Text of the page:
by Rob Hill
A Black Horse Western from Hale, July 2010
When Jack Just, weary from long days on the trail, rides into an isolated cattle town on the Texas Panhandle, he discovers that the greedy and powerful Clovis Blacklake has the whole town in his pocket.
But when Jack discovers that Blacklake has cheated the town’s most downtrodden inhabitant out of his rightful property, he decides to make a stand.
It takes a real man to fight the ruthless Blacklake and when Jack does; the table finally begin to turn….
It seems as though this is the first Black Horse Western to appear under this author’s name, whether this is his real name or a pseudonym I have no idea.
The book begins at an almost gentle pace, even though the opening pages do include a vicious beating, and slowly builds towards its climax at ever increasing speed.
The author takes time introducing the various characters that are going to be the main players in the story, such as Jack Just, Clovis Blacklake and his sister Adela who is near blind, Sheriff Bull Brown and his part-time deputies, the crippled Indian Moses and more. There’s one, though, whom he doesn’t reveal much about: a Comanche who keeps appearing and watching events at the abandoned mission, thus adding a touch of mystery to the story. There’s other questions too, for instance is Blacklake really as bad as Just believes, as most of the townsfolk hold him in high regard.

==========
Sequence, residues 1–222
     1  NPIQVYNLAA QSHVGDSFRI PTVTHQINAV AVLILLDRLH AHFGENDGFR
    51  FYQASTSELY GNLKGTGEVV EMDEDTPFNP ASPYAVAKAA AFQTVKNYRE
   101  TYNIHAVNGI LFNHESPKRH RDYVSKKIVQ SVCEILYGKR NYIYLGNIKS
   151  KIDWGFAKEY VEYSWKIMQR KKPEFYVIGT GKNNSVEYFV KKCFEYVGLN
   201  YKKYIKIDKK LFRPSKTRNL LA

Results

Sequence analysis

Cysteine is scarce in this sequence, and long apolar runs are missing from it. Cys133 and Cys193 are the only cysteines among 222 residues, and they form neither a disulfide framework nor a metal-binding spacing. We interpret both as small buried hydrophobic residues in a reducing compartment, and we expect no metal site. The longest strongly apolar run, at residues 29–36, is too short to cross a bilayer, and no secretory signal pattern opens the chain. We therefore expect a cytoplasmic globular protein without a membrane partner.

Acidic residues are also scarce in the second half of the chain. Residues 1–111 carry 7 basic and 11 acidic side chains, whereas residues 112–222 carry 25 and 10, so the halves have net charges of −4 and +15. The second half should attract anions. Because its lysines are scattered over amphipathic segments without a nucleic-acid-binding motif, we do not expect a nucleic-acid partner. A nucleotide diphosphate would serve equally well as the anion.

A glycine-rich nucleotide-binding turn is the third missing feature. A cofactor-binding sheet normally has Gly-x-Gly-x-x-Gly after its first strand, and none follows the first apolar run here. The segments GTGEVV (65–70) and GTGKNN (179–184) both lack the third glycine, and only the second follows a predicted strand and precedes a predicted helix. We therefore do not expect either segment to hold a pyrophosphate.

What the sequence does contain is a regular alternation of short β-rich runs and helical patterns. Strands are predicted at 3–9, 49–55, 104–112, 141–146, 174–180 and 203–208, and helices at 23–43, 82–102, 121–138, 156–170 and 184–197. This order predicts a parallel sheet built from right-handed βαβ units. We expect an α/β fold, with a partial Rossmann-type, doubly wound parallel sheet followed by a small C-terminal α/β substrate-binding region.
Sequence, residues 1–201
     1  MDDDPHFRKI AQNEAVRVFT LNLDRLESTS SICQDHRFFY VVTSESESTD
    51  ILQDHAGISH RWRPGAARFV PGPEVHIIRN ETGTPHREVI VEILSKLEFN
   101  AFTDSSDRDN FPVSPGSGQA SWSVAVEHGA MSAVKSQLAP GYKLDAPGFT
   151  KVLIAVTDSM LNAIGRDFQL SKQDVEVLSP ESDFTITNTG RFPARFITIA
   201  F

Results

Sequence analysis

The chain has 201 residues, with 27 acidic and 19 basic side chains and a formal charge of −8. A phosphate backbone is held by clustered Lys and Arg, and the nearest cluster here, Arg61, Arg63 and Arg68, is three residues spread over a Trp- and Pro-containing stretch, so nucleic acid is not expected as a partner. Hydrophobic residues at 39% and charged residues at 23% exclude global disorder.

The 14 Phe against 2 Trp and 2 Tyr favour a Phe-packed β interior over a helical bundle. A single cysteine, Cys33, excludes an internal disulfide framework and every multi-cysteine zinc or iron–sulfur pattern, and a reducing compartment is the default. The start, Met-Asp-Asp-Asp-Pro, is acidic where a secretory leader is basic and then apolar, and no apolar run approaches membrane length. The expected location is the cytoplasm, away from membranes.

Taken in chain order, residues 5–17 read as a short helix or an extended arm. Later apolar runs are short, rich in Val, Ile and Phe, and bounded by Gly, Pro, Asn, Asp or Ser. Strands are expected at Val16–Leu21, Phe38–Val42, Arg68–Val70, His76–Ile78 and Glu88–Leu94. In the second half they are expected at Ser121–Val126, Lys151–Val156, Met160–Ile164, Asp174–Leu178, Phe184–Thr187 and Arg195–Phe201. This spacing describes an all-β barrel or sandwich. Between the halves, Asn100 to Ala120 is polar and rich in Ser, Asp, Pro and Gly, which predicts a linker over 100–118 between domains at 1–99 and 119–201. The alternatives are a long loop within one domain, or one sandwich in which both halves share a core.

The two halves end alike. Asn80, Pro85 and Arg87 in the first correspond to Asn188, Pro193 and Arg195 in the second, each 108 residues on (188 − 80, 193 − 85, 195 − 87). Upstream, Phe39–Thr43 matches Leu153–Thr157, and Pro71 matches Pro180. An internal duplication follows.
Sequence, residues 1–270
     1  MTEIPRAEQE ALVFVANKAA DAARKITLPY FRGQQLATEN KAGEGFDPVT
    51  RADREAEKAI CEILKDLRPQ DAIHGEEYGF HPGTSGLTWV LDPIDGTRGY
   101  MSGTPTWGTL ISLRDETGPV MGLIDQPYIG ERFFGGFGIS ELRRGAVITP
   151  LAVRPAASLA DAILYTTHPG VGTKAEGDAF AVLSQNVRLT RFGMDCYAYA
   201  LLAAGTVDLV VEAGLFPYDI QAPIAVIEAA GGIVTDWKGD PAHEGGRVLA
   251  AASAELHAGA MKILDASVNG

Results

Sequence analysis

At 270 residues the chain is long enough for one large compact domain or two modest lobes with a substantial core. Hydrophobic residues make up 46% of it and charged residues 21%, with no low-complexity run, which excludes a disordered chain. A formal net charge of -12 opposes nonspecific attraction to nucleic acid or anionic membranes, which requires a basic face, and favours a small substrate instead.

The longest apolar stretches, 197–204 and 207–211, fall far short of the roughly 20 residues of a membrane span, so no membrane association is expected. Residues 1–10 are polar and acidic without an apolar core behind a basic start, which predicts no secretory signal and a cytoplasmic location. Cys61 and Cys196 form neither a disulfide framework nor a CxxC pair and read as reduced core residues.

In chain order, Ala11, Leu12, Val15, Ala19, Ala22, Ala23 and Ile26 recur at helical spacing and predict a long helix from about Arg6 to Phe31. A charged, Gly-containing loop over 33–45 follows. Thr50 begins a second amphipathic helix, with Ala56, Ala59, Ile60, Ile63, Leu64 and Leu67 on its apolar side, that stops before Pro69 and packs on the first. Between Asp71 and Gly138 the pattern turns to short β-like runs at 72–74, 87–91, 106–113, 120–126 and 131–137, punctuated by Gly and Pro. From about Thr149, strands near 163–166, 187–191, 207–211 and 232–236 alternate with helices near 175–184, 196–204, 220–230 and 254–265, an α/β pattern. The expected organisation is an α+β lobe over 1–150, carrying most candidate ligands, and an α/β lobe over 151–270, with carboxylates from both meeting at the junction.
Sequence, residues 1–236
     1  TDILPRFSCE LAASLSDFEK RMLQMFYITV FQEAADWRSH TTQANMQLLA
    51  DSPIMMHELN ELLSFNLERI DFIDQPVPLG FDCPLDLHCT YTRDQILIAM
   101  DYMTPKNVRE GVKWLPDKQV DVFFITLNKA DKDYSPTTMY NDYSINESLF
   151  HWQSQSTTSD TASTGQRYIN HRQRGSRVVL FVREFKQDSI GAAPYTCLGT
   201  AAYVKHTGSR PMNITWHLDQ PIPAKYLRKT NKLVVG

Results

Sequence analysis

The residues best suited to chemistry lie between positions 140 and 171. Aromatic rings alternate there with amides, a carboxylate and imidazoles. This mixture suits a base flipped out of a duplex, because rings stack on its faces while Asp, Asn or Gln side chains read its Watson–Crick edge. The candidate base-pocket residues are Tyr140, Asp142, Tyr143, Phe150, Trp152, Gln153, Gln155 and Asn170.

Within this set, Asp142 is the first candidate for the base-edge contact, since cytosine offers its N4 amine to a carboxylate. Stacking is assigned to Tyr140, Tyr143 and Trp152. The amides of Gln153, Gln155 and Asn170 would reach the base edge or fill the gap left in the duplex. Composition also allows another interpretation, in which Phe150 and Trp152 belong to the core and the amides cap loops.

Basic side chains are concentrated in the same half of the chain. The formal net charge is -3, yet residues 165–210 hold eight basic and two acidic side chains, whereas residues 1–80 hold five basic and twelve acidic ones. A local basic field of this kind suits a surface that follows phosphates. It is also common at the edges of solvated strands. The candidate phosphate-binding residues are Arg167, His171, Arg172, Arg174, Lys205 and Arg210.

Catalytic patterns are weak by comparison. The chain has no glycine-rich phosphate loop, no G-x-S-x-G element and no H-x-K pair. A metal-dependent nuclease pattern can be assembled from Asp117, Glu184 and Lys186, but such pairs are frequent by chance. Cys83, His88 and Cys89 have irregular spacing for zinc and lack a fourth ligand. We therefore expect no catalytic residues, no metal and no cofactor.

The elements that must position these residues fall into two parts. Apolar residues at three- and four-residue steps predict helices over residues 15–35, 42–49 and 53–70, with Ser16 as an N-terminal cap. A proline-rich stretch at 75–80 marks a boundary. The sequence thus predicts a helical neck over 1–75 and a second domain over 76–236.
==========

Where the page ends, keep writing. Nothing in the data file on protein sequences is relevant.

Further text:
Rob Hill doesn’t include any events that aren’t going to have a part to play later in the story, for instance the brutal beating at the beginning, which at first appears to be just showing how savage the deputies can be, sees the beaten man having an important role to play later that helps shape the outcome of the book, particularly during the showdown between Just and Blacklake during a prize fight challenge.
The story ends in a somewhat surprising way, considering the plot seems to be following a traditional western storyline for the most part, in that who lives and who dies, and what the future holds for those who survive, may not be how many might expect the book to finish.
Rangeland Justice should be available from Internet bookstores now, and I, for one, hope it isn’t too long before another book appears from this author.